what particular elements of his storytelling and of his writing are worth
                      what appears to me to be quite considerable effort?

                      I had a lot of fun hunting down cheap paperback copies of his work in
                      bookstores all over the east, but now I just have a lot of occupied shelf
                      space that preserves them as museum pieces in my fantasy collection. The
                      biggest problem is the curator is, in this case, an ignoramus. I apologize,
                      I just felt like writing the word ignoramus.

                      Peace,
                      Paul Labaki

                      > From: LSolarion@...
                      > Reply-To: mythsoc@onelist.com
                      > Date: Tue, 7 Mar 2000 08:37:22 EST
                      > To: mythsoc@onelist.com
                      > Subject: Re: [mythsoc] is genome stuff OT?
                      >
                      > From: LSolarion@...
                      >
                      > In a message dated 03/06/2000 5:57:46 PM Pacific Standard Time,
                      > sschaper@... writes:
                      >
                      > << Why their language was replaced I
                      > don't know, but they seem to have had a real presence and identity up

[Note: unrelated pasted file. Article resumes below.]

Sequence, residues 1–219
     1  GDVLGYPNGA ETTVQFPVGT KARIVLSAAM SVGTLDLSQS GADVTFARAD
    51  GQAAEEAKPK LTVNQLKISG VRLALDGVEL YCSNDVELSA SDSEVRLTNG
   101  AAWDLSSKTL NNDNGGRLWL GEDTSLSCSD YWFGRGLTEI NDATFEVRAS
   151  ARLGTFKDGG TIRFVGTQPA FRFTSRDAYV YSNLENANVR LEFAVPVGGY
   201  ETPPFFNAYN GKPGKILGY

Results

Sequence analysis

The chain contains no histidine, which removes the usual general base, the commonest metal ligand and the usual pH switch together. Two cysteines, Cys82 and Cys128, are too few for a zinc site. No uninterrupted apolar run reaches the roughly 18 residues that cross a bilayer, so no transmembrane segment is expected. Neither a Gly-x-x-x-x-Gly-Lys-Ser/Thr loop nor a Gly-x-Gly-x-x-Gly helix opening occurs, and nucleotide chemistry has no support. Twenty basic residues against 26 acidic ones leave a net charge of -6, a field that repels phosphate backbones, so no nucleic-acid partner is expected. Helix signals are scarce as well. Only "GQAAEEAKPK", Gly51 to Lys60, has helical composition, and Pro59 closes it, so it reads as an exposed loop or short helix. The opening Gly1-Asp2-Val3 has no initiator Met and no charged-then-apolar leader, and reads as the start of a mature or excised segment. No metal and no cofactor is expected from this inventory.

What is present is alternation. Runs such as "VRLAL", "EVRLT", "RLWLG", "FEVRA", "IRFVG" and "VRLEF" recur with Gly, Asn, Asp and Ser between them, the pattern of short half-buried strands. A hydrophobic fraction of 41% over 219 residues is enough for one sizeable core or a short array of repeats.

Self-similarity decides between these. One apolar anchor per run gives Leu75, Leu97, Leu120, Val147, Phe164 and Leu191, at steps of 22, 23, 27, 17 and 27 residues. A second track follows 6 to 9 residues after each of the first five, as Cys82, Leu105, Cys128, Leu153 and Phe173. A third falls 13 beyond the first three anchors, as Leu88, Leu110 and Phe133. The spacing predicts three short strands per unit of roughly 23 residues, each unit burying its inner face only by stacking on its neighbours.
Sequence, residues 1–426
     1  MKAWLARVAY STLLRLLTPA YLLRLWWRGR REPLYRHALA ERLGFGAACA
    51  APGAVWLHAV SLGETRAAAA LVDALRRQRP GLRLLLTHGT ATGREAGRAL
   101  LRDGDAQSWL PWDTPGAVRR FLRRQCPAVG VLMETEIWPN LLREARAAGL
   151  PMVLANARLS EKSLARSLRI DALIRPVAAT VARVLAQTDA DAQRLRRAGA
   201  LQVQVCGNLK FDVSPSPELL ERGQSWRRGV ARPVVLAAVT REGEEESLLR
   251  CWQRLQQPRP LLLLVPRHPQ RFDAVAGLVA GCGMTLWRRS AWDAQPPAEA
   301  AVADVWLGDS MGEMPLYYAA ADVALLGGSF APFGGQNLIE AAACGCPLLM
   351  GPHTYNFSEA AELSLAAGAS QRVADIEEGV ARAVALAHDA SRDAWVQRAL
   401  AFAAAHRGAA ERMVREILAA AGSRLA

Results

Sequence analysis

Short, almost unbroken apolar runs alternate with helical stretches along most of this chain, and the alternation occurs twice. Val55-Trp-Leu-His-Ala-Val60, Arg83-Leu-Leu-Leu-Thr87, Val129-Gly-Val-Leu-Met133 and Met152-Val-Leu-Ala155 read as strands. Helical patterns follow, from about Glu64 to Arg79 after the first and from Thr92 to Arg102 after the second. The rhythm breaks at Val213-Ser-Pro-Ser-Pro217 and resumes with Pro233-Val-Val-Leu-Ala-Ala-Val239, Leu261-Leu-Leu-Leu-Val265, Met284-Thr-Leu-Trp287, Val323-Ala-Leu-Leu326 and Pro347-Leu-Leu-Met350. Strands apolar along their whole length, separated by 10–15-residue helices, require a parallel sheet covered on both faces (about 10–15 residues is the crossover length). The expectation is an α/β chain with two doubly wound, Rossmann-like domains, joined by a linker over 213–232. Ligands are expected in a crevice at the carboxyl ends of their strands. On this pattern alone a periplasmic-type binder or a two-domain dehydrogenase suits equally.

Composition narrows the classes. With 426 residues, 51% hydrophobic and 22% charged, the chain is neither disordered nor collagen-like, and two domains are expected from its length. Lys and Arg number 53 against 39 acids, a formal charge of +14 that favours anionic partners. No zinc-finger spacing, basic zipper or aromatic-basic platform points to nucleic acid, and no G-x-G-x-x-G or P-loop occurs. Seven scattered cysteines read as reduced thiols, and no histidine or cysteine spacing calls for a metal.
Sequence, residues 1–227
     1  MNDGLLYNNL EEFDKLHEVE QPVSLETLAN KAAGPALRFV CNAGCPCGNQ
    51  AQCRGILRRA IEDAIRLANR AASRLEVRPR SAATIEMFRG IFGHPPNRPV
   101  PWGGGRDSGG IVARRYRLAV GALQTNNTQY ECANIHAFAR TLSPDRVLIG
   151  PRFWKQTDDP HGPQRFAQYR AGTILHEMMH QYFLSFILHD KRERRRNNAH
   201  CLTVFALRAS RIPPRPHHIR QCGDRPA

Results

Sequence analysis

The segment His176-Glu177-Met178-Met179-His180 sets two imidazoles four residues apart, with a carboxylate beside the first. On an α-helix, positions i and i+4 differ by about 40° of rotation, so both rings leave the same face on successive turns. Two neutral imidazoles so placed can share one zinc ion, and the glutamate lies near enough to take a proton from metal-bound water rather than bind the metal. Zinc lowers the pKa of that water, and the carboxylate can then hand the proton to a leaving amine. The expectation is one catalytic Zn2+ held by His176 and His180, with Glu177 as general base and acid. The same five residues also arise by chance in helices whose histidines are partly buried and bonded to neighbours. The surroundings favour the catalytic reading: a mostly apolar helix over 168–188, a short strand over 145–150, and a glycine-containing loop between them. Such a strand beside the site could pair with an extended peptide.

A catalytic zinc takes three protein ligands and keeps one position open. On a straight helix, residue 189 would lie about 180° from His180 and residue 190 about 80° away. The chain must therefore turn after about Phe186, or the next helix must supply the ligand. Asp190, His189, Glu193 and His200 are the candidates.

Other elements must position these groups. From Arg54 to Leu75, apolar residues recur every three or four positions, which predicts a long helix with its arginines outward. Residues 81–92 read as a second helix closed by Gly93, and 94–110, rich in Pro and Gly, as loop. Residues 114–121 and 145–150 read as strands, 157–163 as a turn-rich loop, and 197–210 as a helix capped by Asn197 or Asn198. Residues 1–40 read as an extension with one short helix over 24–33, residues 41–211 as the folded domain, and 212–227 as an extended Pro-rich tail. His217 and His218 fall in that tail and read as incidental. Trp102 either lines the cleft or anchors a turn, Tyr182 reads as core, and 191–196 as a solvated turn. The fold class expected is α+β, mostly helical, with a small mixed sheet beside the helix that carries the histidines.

> through the early Norman period, throughout much of England.
                      >>>
                      >
                      > Perhaps for the same reason so many American Indians speak English: their
                      > native language was forbidden. To conquer a people, you must conquer their
                      > culture, and you cannot do that without replacing their language with your
                      > own. But this is just a guess.
                      >
                      > As an aside, I emerge out of lurkerhood and introduce myself. I have been a
                      > fantasy fan for many years, and especially enjoy Tolkien, Lewis, and Charles
                      > Williams (as well as E.R. Eddison and George R.R. Martin, and recently, Harry
                      > Potter). In fact, I find in their fantasies more truth than in the so-called
                      > real world (that is, the "world" in the Biblical sense). So this list is a
                      > gift I am thankful for, and I look forward to many more stimulating
                      > discussions.
                      >
                      > LSolarion
                      >
                      > ------------------------------------------------------------------------
                      > DON'T HATE YOUR RATE!
                      > Get a NextCard Visa, in 30 seconds! Get rates as low as
                      > 0.0% Intro or 9.9% Fixed APR and no hidden fees.
                      > Apply NOW!
                      > http://click.egroups.com/1/2120/3/_/505012/_/952436249/
                      > ------------------------------------------------------------------------
                      >
                      > The Mythopoeic Society website http://www.mythsoc.org
                      >
                    Your message has been successfully submitted and would be delivered to recipients shortly.